I run this site alone and spend an awful lot of time creating these books. Very few people donate, but without your help, this site can't survive. Please support it by. Cover of: A guide to modern cookery | Auguste Escoffier. A guide to modern There's no description for this book yet. Can you add one?. Auguste Escoffier was born in Villeneuve-Loubet, a small Provençal village near In , he published two books of recipes for the housewives, under the.
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Auguste Escoffier. Publisher: Cambridge University Export citation; download the print book. Contents. Information . Access. PDF; Export citation. PREFACE. pp v-x. Skip to text only view of this item; Skip to search in this text; Skip to book options Escoffier, A. (Auguste), Download PDF Download EPUB. A most useful little book, to be recommended on account ot the economical SAUCE (Escoffier's Method) Peel and mince six medium-sized mushrooms.
February 16, History. Add another edition? A guide to modern cookery Auguste Escoffier. A guide to modern cookery Close. Want to Read. Are you sure you want to remove A guide to modern cookery from your list?
A guide to modern cookery 6 Want to read Published by W. Heinemann in London. Written in English. Subjects French Cookery. Edition Notes Translation of Le guide culinaire. Includes index. Number of pages And when Ritz was hired to run the Savoy Hotel after it opened in London in , he asked Escoffier to take over the kitchen.
It was a wonderful collaboration.
Ritz was brilliant at his work; he knew the front of the house to the last detail, for instance, keeping women in mind when he studied designs for lighting and grand staircases. Escoffier knew the kitchen, which could make or break a hotel.
Inventive, artistic cooking was mandatory, within the narrow possibilities of the classical style. Escoffier was at his height at the Savoy. He realized, as all great hotel chefs do, that logistics are as important as the cooking. He insisted that customers be served hot food quickly.
He streamlined and made sweeping changes. He pared down menus to a degree; he simplified presentations, eliminating borders of noodle dough and other uneaten embellishments. Above all, he made the kitchen a cohesive unit. Until then, each station had been autonomous, producing everything necessary to a dish in its charge.
Under Escoffier, to eliminate duplication and save time, each station provided its specialty to the rest of the kitchen. The garde manger butchered and portioned all the meats and fish, the sauciers provided all the sauces, etc.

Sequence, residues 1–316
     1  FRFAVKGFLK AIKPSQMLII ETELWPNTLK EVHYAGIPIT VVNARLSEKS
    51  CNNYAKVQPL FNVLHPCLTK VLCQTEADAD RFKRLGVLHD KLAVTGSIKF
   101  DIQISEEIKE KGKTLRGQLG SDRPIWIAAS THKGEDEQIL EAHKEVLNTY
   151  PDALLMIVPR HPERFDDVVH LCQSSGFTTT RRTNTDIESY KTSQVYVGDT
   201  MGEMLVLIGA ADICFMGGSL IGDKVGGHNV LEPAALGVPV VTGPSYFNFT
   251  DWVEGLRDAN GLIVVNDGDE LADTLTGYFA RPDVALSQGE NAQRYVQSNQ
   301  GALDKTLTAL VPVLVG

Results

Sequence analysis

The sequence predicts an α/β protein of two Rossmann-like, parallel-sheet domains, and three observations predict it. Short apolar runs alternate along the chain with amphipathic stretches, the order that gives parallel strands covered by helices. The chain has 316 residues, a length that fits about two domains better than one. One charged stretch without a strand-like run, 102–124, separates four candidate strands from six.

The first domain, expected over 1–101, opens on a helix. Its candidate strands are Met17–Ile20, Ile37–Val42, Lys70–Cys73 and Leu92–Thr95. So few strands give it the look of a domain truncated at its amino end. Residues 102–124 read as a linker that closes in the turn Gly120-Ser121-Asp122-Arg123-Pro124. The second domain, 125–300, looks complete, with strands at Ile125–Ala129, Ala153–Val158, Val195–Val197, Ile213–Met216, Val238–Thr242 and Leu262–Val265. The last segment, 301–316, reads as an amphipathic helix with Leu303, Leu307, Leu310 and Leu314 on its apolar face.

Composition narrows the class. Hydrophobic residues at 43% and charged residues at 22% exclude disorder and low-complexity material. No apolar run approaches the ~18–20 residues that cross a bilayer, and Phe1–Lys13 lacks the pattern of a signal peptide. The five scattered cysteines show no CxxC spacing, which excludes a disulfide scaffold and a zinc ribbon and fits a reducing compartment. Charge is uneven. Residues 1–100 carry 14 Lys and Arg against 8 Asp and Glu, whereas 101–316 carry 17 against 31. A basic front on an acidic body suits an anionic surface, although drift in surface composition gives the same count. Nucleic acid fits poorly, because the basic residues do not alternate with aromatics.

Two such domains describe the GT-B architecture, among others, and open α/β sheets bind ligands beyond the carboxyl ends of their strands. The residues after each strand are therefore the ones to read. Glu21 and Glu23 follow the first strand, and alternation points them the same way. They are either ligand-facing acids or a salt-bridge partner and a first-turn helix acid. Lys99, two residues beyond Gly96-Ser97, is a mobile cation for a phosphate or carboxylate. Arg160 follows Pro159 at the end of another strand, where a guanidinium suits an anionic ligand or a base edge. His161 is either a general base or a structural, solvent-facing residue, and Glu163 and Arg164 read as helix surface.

And Escoffier made other changes. He banned the drinking of alcohol in the kitchen, substituting a refreshing malt-based beverage devised by a doctor.
Cooks were entreated to wear jackets and ties on the way to and from work. Swearing was prohibited and so was screaming.
But in the midst of their success, Ritz and Escoffier left the Savoy. Five years later, Ritz, the younger man, appears to have burned out entirely; he never worked again. Escoffier retired only in at the age of Whatever he may have done to the shareholders of the Savoy, Escoffier had a strong social conscience.
Escoffier always wore a full mustache and always dressed elegantly. When he crossed the street in London as he set out on his daily walk, he tipped the policeman who stopped the traffic.
He was short enough that he wore elevator shoes, originally to distance his face from the heat of the stoves. He attended the theater and opera assiduously, and he was friendly with Sarah Bernhardt and Nellie Melba. None consider it the complete treatise on practice that it once was.
Escoffier retired only in at the age of Whatever he may have done to the shareholders of the Savoy, Escoffier had a strong social conscience. Escoffier always wore a full mustache and always dressed elegantly.
When he crossed the street in London as he set out on his daily walk, he tipped the policeman who stopped the traffic. He was short enough that he wore elevator shoes, originally to distance his face from the heat of the stoves.
He attended the theater and opera assiduously, and he was friendly with Sarah Bernhardt and Nellie Melba.
None consider it the complete treatise on practice that it once was. But those who take time to read the Guide, especially the opening chapters on basic operations, are rewarded with a much more positive impression. The formal language includes the odd well-turned phrase. There is much good sense. The egg section quotes the writer Monselet, who called eggs the Proteus of the kitchen because of their chameleonlike versatility. For roasts, he advocates simply deglazing the pan, even if with just water.
That contrasts with later views that adding any liquid but wine or stock was a mortal sin. Nowhere is Escoffier more modern than in his discussion of gelatin. He is adamant that aspic should not be a rubbery nightmare, but it should be as melting as possible, ideally sent to the table half-set in a sauce boat.
Escoffier was writing in London, and a number of English recipes appear in the Guide. His introduction politely thanks English gastronomes for their kind reception of his cooking, but he shows contempt for English eating habits. It is telling that his wife and children lived in France throughout the 30 years that his work kept him almost entirely in London.
They are traditional, rustic, water-based — completely outside the classical tradition. It seems ironic during the latter half of the 20th century Escoffier gained a reputation for dismal recipes, and the cause may be one of two modest professional handbooks.
Years before he produced the Guide, Escoffier began a compendium of the classical repertory, written in culinary shorthand, to be used by cooks and waiters as a reminder of the thousands of recipes then in use. Then in , two chefs named Gringoire and Saulnier published a similar work.
Reduce cooking liquid. Finish with butter.